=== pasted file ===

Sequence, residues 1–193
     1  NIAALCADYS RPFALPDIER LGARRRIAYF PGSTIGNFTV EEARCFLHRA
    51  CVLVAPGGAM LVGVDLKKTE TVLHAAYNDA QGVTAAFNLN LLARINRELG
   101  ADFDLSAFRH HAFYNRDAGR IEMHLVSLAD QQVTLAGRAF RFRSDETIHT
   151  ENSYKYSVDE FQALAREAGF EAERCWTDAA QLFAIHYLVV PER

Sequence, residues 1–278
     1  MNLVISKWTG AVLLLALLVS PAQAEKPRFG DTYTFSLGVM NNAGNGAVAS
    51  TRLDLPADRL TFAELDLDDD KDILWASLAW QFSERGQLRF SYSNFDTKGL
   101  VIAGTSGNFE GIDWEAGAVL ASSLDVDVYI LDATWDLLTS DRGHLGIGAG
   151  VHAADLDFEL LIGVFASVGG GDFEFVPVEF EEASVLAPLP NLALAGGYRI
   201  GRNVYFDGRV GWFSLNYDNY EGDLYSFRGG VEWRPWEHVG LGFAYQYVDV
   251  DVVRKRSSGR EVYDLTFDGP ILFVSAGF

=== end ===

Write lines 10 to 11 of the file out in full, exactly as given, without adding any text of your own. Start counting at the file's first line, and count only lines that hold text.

   151  VHAADLDFEL LIGVFASVGG GDFEFVPVEF EEASVLAPLP NLALAGGYRI
   201  GRNVYFDGRV GWFSLNYDNY EGDLYSFRGG VEWRPWEHVG LGFAYQYVDV